Mechanisms for Slow Phase of Ca2+ Sensitization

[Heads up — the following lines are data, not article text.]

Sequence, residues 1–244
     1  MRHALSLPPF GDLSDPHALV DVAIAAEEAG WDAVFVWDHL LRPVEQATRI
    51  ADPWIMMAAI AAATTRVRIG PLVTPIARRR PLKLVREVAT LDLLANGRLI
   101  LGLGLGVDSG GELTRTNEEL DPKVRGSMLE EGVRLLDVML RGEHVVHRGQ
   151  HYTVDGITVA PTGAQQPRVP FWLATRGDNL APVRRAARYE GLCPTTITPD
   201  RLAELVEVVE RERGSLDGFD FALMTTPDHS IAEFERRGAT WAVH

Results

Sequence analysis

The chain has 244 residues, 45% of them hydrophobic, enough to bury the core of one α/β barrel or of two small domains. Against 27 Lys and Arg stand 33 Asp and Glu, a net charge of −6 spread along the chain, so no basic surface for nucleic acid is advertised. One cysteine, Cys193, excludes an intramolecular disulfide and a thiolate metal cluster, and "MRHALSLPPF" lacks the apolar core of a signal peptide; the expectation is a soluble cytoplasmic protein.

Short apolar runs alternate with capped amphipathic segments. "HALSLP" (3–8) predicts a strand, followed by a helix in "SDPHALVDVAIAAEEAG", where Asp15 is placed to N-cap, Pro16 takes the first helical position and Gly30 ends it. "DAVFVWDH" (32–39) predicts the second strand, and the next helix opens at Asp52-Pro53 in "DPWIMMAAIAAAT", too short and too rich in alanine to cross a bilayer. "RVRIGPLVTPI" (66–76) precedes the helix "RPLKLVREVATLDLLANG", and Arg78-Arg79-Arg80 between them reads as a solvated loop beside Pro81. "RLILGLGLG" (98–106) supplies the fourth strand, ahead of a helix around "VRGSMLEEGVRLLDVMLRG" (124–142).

The sustained tonic level of PE-induced contraction was more strongly inhibited by GF-109203X and calphostin C than Gö6976 (Figure 4E), indicating that Ca2+-independent nPKC takes the place of Ca2+-dependent cPKC in terms of CPI-17 phosphorylation with time. Phosphorylation of CPI-17 at the slow and sustained phase also contains a small but significant component insensitive to the Ca2+ blockers and PKC inhibitors, as compared with that of the initial phase (Figures 2D and 4⇑G), suggesting that Ca2+-independent protein kinase(s) rather than PKC is involved in the slow phosphorylation of CPI-17 and the sustained tonic component of contraction. Furthermore, the MLC phosphorylation in the sustained tonic phase of contraction was also insensitive to the Ca2+ blockers or PKC inhibitors, compared with that of the initial phase (Figures 2C and 4⇑F), suggesting that a mechanism(s) other than Ca2+-dependent PKC/CPI-17 phosphorylation is slowly developed at the late phase.